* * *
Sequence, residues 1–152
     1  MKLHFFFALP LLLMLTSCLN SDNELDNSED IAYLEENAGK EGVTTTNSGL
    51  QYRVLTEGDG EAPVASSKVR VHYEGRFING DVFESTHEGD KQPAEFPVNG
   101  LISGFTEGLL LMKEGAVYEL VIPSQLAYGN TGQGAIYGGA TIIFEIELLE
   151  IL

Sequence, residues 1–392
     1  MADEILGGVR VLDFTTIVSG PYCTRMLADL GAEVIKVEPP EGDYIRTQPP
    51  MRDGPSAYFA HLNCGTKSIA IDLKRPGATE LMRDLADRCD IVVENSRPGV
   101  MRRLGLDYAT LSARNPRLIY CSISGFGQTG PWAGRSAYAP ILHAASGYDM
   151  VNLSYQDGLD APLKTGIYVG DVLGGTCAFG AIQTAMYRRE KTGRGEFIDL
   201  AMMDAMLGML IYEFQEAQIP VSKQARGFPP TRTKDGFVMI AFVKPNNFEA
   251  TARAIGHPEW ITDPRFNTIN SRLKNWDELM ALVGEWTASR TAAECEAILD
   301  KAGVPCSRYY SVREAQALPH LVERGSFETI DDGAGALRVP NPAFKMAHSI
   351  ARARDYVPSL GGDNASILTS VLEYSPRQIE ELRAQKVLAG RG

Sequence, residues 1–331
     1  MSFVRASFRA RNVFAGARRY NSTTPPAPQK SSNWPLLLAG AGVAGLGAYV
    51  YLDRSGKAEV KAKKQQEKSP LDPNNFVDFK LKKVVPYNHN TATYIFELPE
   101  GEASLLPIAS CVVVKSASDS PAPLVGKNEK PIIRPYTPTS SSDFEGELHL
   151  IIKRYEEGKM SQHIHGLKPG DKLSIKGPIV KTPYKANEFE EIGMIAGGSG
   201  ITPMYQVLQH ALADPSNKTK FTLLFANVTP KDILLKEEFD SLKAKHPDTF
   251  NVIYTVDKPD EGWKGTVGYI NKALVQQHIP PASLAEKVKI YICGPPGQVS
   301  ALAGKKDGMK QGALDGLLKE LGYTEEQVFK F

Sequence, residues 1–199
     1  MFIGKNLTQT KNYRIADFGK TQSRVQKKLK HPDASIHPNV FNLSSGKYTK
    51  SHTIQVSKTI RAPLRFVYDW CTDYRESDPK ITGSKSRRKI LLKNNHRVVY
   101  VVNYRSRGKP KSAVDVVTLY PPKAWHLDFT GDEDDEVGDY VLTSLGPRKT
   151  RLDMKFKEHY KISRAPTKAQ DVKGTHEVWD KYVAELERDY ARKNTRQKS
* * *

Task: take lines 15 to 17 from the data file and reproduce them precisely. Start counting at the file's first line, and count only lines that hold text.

Sequence, residues 1–331
     1  MSFVRASFRA RNVFAGARRY NSTTPPAPQK SSNWPLLLAG AGVAGLGAYV
    51  YLDRSGKAEV KAKKQQEKSP LDPNNFVDFK LKKVVPYNHN TATYIFELPE